iven that President Trump is famous for his Earth-shaking tweets, it seems appropriate to comb through Twitter reactions to his administration’s new drug pricing plan, which was unveiled Friday.
Many experts, analysts, and journalists noted the lack of detail in the proposals and the disconnect between Trump’s harsh words against drug makers and pharmacy benefit managers versus how the plan could actually affect industry players. They also pointed out that this plan is just that — any actual changes would need future regulatory moves or congressional action.
Watching the speech now, but on first glance some of the "immediate actions" in the admin's drug pricing proposals are… not immediate. And the "further opportunities" even less so. It's not going to take effect "very soon," as POTUS just said. https://t.co/cY3GBI1qiS
— Rachel Sachs (@RESachs) May 11, 2018
"The drug lobby is making an absolute fortune at the expense of American consumers." Very few of the proposals in the admin's blueprint would materially harm industry.
— Rachel Sachs (@RESachs) May 11, 2018
If you are somehow able to follow through on getting Europe to pay more, this is what happens.
First, US prices stay the same. Next, more drugs come to market because of higher profits. So then, US spending on drugs increases.
— Craig Garthwaite (@C_Garthwaite) May 11, 2018
I see HHS 'may support' some interesting efforts, like updating methods for star ratings to let plans deal more aggressively with high cost drugs, competitive acquisition in part B, indication based pricing. But all tentative, nothing concrete.
— Walid Gellad (@walidgellad) May 11, 2018
They're slamming the PBMs but making them an even bigger, more powerful part of Part D, and giving them a slice of Part B. This is not that bad for them (certainly against expectations). https://t.co/HiYYMhZ1cZ
— Drew Armstrong (@ArmstrongDrew) May 11, 2018
There are quite a few proposals/ideas in Trump's Rx plan, but it is striking how few are actual concrete actions the administration says it will definitely take.
— Noam Levey (@NoamLevey) May 11, 2018
One proposal that caught people’s attention was the idea of requiring drug companies to disclose prices in their advertisements, though there were questions about that as well:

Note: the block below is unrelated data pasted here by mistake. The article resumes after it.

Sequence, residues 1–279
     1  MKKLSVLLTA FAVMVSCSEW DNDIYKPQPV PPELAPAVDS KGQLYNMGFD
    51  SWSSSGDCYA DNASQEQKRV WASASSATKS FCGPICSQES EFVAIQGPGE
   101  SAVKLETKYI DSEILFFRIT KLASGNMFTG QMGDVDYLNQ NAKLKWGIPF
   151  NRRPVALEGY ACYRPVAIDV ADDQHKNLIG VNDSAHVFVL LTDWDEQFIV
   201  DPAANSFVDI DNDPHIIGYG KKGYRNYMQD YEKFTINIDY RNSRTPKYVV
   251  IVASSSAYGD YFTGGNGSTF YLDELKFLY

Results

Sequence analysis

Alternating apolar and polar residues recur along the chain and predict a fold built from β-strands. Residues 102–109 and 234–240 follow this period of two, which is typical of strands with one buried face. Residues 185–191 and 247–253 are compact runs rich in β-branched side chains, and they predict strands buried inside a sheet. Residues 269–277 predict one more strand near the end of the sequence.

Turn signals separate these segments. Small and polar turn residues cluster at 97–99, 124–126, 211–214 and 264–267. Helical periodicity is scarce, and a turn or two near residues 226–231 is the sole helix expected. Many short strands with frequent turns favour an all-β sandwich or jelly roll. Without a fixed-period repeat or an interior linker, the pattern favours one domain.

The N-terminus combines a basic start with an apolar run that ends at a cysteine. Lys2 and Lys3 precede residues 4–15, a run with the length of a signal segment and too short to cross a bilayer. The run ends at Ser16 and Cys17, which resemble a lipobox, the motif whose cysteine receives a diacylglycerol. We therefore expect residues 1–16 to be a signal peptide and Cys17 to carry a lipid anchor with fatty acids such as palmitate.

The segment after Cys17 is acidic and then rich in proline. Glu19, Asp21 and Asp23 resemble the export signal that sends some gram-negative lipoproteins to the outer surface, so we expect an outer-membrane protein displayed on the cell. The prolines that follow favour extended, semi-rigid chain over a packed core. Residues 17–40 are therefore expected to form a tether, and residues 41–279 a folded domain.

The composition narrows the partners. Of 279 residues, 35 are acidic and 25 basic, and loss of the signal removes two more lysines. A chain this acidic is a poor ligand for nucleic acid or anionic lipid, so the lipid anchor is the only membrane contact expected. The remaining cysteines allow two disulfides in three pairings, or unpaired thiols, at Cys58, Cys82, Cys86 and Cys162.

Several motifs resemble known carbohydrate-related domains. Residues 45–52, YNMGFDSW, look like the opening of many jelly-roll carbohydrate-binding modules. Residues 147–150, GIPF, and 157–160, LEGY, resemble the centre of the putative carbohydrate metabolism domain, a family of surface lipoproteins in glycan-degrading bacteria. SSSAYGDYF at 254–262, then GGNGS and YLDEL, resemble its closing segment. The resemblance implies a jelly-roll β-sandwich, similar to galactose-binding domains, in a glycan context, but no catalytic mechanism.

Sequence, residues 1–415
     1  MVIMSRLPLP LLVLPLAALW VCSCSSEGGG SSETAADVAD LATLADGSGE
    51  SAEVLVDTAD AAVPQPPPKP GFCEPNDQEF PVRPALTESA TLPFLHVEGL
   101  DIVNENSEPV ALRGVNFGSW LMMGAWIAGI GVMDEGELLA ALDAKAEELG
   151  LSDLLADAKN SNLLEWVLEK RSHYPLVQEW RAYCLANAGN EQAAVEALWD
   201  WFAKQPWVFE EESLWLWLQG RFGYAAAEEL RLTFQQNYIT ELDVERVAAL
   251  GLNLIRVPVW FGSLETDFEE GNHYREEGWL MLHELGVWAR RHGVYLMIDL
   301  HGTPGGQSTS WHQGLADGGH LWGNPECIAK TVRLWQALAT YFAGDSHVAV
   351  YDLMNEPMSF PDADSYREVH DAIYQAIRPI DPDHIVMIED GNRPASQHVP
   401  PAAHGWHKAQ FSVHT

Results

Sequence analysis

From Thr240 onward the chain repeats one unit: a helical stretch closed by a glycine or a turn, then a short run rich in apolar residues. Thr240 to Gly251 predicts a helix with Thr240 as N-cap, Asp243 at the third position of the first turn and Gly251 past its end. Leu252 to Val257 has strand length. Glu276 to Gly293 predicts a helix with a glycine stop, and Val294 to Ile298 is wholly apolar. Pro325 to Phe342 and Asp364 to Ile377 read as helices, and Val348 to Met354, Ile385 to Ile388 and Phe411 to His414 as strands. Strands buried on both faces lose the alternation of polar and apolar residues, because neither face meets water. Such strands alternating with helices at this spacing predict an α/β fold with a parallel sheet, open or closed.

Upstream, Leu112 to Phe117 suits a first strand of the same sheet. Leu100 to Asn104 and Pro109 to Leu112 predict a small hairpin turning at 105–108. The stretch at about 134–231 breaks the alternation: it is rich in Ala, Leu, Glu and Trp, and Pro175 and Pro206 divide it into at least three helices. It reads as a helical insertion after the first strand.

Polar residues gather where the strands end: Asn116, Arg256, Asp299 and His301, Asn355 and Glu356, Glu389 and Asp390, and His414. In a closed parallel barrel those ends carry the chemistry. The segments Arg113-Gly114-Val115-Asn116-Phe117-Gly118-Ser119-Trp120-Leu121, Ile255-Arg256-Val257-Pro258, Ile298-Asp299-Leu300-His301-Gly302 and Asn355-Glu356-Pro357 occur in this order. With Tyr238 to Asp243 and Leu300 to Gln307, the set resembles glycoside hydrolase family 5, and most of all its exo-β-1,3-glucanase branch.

"Call on the FDA to evaluate the inclusion of list prices in DTC advertising" seems the only new thing…
Will it actually have any impact? pic.twitter.com/303uluWz2f
— Andy Biotech (@AndyBiotech) May 11, 2018
I mostly think this is intriguing because compelled speech isn't something I would have predicted in a suite of drug pricing proposals from a Republican administration. https://t.co/O7FLxu83lJ
— Adrianna McIntyre (@onceuponA) May 11, 2018
And then there were the usual partisan reactions. Ahead of the speech, Democrats were already pouncing on the Republican plans as weak and industry-friendly, while including digs at the tax plan approved by Congress and signed by Trump:
The drug companies are getting everything they want under unified Republican control. That means higher prices for you, higher stock value for them.
— Brian Schatz (@brianschatz) May 11, 2018
Candidate Trump pledged to take on drug companies to help lower prescription drug prices, but President Trump hasn’t done that. Instead he used the #GOPTaxScam to line CEOs pockets while prices continue to rise. That's NOT #ABetterDeal. https://t.co/fXalXutIvH
— Chuck Schumer (@SenSchumer) May 10, 2018
Republicans, meanwhile, credited the administration for a thoughtful yet evenhanded plan:
From @SenAlexander's statement on Trump Rx plan: “The President’s plan is sweeping, comprehensive and sophisticated."
— julie rovner (@jrovner) May 11, 2018
.@POTUS has put out a serious plan to help lower prescription drug prices. It represents a good balance between promoting innovation and using government authority given to @HHS @US_FDA @CMSGov. More about plan here: https://t.co/p6VDoDC5pE
— Lanhee J. Chen (@lanheechen) May 11, 2018
And then there was the spin campaign, with each sector of the greater pharmaceutical industry casting blame on the others. Back to business as usual:
And here come the statements from every health care company extolling one part of Trump's drug price speech and pointing blame elsewhere.
— Bob Herman (@bobjherman) May 11, 2018